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Whilst I welcome all, there are certain areas in which I have particular interest and experience, which might help you to decide if we are the right fit.
Depression and Anxiety
My work in the NHS primarily consisted of the treatment of anxiety and depression in primary and secondary care. Whilst depression and anxiety are broad presentations, my view is that they mostly originate from difficult relationships, identity issues or work and focusing on these areas can greatly reduce symptoms.
Relationships & Sex
I'm interested in all relationships, but I find that I work often with intimate relationships in particular, with both individuals and couples. I draw on attachment theory that describes four attachment styles: Secure, Anxious/preoccupied, Dismissive/avoidant, and Fearful-avoidant. This can be very useful lens through which to work on issues of intimacy, sex, commitment and conflict.
People often seek me out to help them deal with work issues. Whether related to stress, being over-looked or overworked, or deeper issues of meaning and identity through work, therapy is a great place to explore this important aspect of our lives.
With a decade working in theatre I'm well placed to help those in the creative industries.
All families have their histories and dysfunctions. Sometimes, when unresolved, they can impinge on our present relationships, mood or mental health. Exploring these past and present family relationships can be extremely valuable.
I have substantial experience working with gay, lesbian and bisexual men and women as well as non-binary, queer and transgender people. I identify He/Him.
Although I work equally across all genders, men often feel more comfortable seeking support from a male therapist. I've worked with many men who, despite initial apprehension, have really leaned into therapy and got a lot out of it.
Intercultural Therapy and Intersectionality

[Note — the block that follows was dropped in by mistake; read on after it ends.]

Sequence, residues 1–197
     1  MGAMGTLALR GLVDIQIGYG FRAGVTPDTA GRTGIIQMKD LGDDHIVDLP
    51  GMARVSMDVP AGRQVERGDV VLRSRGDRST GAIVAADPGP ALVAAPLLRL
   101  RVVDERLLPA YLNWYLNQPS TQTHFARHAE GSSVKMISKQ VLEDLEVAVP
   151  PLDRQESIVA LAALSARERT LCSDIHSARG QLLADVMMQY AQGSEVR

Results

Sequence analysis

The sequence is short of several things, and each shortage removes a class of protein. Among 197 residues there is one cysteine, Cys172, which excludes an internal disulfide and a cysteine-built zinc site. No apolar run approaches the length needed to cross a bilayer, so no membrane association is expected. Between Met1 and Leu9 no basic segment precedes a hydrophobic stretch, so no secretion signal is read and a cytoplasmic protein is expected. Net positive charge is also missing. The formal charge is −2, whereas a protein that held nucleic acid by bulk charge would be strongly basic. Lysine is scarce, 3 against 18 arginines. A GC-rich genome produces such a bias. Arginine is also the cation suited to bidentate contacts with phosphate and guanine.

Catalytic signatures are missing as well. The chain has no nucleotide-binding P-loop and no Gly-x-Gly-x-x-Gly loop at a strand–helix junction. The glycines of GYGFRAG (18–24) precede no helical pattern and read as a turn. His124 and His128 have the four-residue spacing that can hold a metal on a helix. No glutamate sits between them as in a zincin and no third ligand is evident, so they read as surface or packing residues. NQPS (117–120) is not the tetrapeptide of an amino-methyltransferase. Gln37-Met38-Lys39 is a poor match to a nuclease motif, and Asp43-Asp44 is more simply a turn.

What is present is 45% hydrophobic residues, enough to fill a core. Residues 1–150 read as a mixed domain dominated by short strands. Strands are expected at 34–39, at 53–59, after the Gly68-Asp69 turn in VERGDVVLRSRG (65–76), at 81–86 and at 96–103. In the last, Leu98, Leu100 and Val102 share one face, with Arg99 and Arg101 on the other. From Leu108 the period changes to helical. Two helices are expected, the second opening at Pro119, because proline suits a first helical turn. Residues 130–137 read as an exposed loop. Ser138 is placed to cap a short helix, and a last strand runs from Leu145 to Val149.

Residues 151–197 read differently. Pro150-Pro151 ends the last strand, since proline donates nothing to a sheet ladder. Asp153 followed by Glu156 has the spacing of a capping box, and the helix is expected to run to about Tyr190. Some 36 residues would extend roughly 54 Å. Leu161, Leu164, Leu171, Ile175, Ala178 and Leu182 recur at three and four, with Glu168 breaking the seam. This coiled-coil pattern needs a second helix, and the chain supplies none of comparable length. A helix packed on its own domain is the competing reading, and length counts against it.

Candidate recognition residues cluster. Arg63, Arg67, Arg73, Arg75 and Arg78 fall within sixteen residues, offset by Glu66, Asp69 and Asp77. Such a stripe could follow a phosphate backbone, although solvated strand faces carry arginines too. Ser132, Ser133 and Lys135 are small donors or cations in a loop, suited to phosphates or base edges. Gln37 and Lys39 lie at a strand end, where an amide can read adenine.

Intercultural therapy takes into account external realities such as racism, sexism, refugee status, physical health and abilities and poverty.
It also recognises the differences and similarities of various aspects of culture between the client and therapist. Being able to connect with your therapist on a cultural plane can enable a deeper level of communication and a more effective therapeutic experience.
Intersectionality is an analytical framework for understanding how aspects of a person's social and political identities combine to create different modes of discrimination and privilege. Examples of these aspects include gender, caste, sex, race, class, sexuality, religion, disability and physical appearance.
I have worked in some of London's most diverse boroughs and the majority of my clients were from different racial, cultural and religious backgrounds. Being a white male therapist may not seem the obvious choice for, say, a black female, but I welcome the opportunity to work with difference in what can be a mutually important and healing therapeutic relationship.
Many people come to me with a sense of existential dread, an emptiness or lack of meaning. Often this can be an unconscious distraction from another issue that is causing pain. Sometimes however, certain people are particularly tuned into life's bigger questions and I can offer a space to explore these feelings, with sensitivity and curiosity.
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